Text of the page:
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South Shields premier political blog

Policing the public gaze

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The assaults on citizen photography continue

This one almost got away from me, I’ve had it hanging around in my bookmarks for a while but I’ve been so busy lately that this blog has had to take a bit of a back seat.

The Manifesto Club’s publication of Pauline Hadaway’s report reveals nothing particularly new but does highlight the need to keep the issue out in the open and in front of our politicians. About 18 months ago, for instance, I was assured by an officer of South Tyneside District Council that small notices were going to be erected at certain venues along South Shields sea front (the South Marine Park, Bents Park, and the covered Promenade and Amphitheatre) advising people that photographers were operating in the area, that it was lawful, and nothing to be wary of. This followed a spate of complaints from some parents that their children had been photographed in public, or that photographers were being denied lawful access to public events in public places by officials who thought they were looking after our safety and well being. Those notices never appeared!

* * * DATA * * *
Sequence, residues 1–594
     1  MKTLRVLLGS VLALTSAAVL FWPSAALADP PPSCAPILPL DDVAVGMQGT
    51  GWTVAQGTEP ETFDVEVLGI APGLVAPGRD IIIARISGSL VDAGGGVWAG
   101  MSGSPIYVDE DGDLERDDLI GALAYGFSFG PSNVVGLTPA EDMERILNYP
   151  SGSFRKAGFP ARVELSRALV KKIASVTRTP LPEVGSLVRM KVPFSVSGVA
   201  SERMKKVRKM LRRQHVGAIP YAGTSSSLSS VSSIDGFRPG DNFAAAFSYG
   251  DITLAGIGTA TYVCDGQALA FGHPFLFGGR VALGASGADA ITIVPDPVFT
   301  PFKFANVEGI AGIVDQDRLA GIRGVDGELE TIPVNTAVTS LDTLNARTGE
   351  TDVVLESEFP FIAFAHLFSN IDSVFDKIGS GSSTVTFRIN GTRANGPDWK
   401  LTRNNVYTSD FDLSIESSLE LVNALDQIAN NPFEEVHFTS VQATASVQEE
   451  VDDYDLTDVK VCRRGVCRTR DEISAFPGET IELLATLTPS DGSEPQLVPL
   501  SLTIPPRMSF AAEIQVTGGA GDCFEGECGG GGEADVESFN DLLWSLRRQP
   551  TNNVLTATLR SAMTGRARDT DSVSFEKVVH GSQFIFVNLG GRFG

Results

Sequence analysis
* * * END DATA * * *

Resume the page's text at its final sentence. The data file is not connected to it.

So little joy for citizen photographers, although it is fair to say that I for one have seen less of a threat from council officials, police, PCSOs, or security stewards over the past twelve months in South Shields. The wider problem still exists throughout the UK, and as Pauline’s report illustrates there is a pervasive and sinister attempt to have the cameras put away, the irrational fear is that anyone seen with a large camera in a public place must be viewed as either a child molester or a terrorist. Yet if if you are seen to be taking pictures with a mobile phone nobody will suspect anything out of the ordinary – it really is a quite extraordinary state of affairs when public paranoia spreads to the innocent recording of life which we have done since the invention of the pin hole camera.

Hadaway argues that it is important that people are able to take spontaneous photographs of public life, whether of children or any other contemporary touchy subjects: ‘We need to stop this self-censorship.’

You can download her report (.pdf) – here.

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Written by curly

September 29, 2009 at 10:02 am

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  1. […] Policing the public gaze […]


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